Some common colds are caused by coronaviruses, and the immune system learns to recognise them with the help of immune cells known as T cells. The new research, published in Nature Communications, shows that people with higher levels of these coronavirus-specific T cells were less likely to become infected with SARS-CoV-2, the coronavirus that causes COVID. The study started in September 2020 when most people in the UK had no immunity against COVID. It included 52 people who lived with someone who had been diagnosed with COVID. The participants did PCR tests at the outset and 4 and 7 days later, to determine if they developed an infection - half of them developed COVID and half did not. Researchers from the NIHR Health Protection Unit in Respiratory Infections analysed blood samples from the 52 participants to measure the levels of pre-existing T cells from previous common cold coronavirus infections that could also recognise COVID. The researchers found that people who didn’t develop COVID had significantly higher levels of these T cells, compared to the people who did become infected. The T cells targeted internal proteins within the COVID virus, rather than the spike protein on the surface of the virus, to protect against infection. The researchers hope their findings could provide a blueprint for a second-generation, universal vaccine that could prevent infection from current and future COVID variants, including Omicron. This is because the proteins that the T cells can recognise within the virus are less likely to change over time compared to the spike protein that is targeted by existing vaccines.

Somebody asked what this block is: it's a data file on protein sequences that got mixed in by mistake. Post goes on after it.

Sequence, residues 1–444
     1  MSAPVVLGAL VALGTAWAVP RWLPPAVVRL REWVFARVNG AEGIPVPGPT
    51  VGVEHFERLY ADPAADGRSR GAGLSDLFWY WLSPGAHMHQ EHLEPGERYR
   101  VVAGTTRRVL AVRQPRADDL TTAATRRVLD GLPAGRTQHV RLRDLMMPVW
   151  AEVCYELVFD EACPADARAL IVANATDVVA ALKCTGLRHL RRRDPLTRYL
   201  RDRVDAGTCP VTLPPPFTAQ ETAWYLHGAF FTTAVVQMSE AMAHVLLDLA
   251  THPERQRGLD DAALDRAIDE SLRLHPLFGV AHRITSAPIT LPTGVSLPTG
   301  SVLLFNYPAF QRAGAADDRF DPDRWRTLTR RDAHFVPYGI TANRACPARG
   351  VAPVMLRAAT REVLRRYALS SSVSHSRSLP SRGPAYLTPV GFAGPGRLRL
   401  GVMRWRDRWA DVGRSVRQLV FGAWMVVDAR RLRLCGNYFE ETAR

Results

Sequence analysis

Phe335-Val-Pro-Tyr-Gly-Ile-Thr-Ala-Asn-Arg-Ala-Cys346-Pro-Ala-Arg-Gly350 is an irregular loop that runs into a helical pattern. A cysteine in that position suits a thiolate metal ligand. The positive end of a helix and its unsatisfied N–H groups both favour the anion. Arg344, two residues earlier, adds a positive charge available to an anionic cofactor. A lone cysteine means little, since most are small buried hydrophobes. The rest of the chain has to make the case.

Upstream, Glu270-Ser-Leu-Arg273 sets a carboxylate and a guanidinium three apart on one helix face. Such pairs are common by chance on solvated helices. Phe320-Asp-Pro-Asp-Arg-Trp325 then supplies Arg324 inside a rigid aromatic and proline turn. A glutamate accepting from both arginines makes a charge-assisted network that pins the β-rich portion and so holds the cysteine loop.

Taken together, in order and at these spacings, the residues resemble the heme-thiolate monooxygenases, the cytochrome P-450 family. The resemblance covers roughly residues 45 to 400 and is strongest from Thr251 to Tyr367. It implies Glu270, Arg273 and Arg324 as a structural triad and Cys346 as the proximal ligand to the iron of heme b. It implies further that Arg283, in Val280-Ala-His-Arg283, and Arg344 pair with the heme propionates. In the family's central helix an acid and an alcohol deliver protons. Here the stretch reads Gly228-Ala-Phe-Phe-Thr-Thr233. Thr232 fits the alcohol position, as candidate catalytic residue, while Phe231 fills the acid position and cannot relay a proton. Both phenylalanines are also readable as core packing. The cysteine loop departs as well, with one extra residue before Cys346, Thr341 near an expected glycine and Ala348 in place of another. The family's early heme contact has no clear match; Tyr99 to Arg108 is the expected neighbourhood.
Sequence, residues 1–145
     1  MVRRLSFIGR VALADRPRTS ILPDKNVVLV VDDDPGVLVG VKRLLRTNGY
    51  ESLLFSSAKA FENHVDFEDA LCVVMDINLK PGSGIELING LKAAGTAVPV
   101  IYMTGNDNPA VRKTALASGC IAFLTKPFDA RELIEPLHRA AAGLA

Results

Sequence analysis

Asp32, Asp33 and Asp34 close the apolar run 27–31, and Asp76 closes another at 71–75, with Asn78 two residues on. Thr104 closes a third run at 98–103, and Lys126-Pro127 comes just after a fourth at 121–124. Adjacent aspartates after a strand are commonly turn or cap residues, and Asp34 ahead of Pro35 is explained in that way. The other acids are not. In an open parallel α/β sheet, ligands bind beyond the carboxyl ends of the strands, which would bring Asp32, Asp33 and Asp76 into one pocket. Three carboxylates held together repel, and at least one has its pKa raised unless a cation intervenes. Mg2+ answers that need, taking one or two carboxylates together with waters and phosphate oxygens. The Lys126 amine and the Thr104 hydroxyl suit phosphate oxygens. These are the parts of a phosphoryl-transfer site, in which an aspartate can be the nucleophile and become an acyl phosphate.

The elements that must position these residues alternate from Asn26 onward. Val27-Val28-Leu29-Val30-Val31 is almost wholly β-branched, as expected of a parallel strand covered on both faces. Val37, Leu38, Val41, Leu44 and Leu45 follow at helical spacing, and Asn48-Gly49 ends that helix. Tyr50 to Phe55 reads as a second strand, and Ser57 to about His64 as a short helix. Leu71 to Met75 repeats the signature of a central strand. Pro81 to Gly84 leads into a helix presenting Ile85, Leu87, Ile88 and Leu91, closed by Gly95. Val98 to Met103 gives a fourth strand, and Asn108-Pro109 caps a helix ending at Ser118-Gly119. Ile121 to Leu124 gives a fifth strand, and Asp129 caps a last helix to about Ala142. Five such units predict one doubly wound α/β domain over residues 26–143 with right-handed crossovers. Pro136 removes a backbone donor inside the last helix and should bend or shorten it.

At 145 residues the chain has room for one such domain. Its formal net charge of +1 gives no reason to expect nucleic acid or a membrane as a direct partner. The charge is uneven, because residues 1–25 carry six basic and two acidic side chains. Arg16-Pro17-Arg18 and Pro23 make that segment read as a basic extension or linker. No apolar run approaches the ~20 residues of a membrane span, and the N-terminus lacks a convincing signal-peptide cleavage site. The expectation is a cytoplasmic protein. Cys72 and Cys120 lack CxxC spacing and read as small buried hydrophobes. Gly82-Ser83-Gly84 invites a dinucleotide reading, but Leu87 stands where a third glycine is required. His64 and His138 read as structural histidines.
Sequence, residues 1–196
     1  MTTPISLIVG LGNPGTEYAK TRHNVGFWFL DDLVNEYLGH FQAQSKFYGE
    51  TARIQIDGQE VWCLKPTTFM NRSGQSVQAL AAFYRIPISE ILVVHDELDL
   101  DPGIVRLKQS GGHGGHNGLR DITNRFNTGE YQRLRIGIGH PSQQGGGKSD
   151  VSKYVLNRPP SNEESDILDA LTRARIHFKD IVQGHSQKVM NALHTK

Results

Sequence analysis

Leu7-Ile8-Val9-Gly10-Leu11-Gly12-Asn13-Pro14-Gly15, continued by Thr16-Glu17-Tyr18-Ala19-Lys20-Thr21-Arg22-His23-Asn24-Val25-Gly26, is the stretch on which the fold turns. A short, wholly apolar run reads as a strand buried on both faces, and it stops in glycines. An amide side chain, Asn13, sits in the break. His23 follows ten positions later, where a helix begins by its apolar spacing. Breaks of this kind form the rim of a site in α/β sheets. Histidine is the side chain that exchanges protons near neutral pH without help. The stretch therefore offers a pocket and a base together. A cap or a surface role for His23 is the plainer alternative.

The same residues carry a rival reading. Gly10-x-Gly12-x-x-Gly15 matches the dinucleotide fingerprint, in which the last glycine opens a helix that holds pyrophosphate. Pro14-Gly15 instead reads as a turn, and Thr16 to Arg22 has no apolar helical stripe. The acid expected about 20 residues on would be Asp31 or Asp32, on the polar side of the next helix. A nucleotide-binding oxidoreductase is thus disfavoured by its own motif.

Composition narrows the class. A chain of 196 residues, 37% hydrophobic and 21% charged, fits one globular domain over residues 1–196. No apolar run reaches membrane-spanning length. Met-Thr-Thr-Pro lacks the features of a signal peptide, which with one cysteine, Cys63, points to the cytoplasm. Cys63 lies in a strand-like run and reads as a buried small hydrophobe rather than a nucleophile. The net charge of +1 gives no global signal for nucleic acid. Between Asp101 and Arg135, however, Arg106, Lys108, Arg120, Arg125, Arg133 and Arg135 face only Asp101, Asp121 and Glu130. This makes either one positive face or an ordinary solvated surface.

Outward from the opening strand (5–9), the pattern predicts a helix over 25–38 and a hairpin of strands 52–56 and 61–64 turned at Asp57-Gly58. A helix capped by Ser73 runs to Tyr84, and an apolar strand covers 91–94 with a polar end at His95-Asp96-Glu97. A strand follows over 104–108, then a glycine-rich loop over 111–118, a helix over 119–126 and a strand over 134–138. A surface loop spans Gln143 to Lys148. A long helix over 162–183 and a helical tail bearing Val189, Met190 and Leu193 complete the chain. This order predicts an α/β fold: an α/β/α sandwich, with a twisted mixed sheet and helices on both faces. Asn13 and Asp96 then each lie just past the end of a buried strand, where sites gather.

4. News Article
    A coronavirus patient's gut bacteria may influence the length and severity of their infection and their immune response to it, a new study suggests. A team of researchers at The Chinese University of Hong Kong examined whether the variety and quantity of microbiome played a role in COVID-19 infections. Researchers found that patients with COVID-19 were depleted in gut bacteria known to modify a person's immune response, and that this depletion appeared to persist 30 days after the virus had gone. Gut bacteria — or gut microbiome — help to digest food. But research increasingly shows that gut bacteria also affect our health. The study, published in the journal Gut, found that the composition of gut microbiome had changed in COVID-19 patients, compared to those who did not have the infection. It said that gut microbiome could be involved in the "magnitude of COVID-19 severity possibly via modulating host immune responses". Read full story Source: The Independent, 12 January 2021